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Re: C.12 types of declared values for attributes?



David G. Durand <dgd@cs.bu.edu> wrote:
> We should either expand the space as originally suggested; I like regexp
> myself, and it's a drop-in in any language I can imagine people using for
> an XML parser (C, C++, Java).
> 
>    Otherwise, we should just go for CDATA, IDREF, and enumerated attributes
> and bag the rest (ID should always be legal, and always be an attribute
> called "id", I think). [...]


I agree with you about regexp.  Few people today would design a language
with anything other than POSIX-style internationalised regular expressions
(e.g. they have [:lower:], which refers to all lower case letters where
[a-z] doesn't, as it omits AE-ligature, edh, e-acute, etc., used even
in English outside certain countries...).

You're also correct that there are regexp drop-ins for C, C++, Java and
most other programming languges.  Heck, even for FORTRAN probably :-)

Non-standard regexps -- the defacto standard is significantly more
influential than ISO, and has been for over 15 years, to the extent that
even applications such as Microsoft Word use "standard" regular expression
semantics int he Advanced Search -- non-standard regexps are a curse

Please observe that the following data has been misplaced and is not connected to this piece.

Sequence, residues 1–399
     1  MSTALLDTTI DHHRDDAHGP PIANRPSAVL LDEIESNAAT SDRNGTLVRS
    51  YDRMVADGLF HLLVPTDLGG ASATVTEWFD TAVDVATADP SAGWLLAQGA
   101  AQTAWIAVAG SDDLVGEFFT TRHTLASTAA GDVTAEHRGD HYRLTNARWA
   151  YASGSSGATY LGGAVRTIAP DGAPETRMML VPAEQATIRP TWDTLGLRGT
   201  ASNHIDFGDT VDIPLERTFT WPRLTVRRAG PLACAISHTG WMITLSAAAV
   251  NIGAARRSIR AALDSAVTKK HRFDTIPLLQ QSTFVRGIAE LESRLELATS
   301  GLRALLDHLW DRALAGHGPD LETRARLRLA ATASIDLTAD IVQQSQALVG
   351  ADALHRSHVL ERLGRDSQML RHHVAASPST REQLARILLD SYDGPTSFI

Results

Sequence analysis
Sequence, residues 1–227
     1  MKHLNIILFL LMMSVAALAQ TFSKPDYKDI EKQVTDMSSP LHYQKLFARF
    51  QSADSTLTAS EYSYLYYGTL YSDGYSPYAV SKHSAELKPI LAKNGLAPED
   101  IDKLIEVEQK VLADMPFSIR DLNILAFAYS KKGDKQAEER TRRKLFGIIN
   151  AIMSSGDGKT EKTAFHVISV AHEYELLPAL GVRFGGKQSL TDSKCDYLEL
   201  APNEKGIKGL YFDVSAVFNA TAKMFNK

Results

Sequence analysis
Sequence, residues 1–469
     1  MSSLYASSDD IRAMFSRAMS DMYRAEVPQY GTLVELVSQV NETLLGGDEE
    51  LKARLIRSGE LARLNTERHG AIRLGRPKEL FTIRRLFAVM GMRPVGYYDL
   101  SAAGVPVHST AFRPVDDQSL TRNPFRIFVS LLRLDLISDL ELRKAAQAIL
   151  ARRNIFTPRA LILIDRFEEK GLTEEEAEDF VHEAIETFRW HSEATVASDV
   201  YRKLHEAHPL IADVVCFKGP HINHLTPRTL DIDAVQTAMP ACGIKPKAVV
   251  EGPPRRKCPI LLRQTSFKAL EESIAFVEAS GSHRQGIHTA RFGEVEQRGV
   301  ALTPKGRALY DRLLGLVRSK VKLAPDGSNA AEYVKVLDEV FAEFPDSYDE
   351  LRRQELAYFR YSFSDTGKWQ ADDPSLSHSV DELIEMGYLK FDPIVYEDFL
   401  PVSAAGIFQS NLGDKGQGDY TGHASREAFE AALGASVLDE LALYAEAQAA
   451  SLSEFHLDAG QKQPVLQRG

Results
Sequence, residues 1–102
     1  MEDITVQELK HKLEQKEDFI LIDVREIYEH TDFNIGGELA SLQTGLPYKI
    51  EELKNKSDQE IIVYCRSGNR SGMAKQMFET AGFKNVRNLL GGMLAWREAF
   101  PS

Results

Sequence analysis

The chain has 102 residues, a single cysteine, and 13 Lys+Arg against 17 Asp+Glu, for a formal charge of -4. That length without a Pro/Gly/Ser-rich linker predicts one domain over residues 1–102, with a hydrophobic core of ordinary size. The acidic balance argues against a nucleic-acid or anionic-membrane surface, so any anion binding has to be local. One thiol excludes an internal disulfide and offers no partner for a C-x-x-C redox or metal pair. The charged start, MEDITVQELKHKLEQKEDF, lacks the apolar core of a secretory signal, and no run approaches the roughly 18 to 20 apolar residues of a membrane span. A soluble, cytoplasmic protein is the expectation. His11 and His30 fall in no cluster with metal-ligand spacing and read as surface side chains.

and and cannot be justified.

But this applies to content models as well as recognition of attributes.

*

>    Otherwise, we should just go for CDATA, IDREF, and enumerated attributes
> and bag the rest (ID should always be legal, and always be an attribute
> called "id", I think). [...]


I would rather see every attribute called ID or beginning with ID. be an ID,
and allow multiple ones -- the SGML restriction makes no sense to me at all,
and in any case can't be enforced without a DTD.  But you can always use
CDATA for all except one (or all) of the ID attributes you want, and
check them with application-level code, which is what people do today
with SGML, whilst they are wondering why they have to do that :-)
SO I could live with just ID.

If people can't accept the use of fixed attribute names, a prefix would
probably work: xml.id for example.

The same sort of convention is needed for IDREF, and xml.idref is more
appealing to me, as it's easy to explain tht attribute names starting
with xml. are reserved.

Lee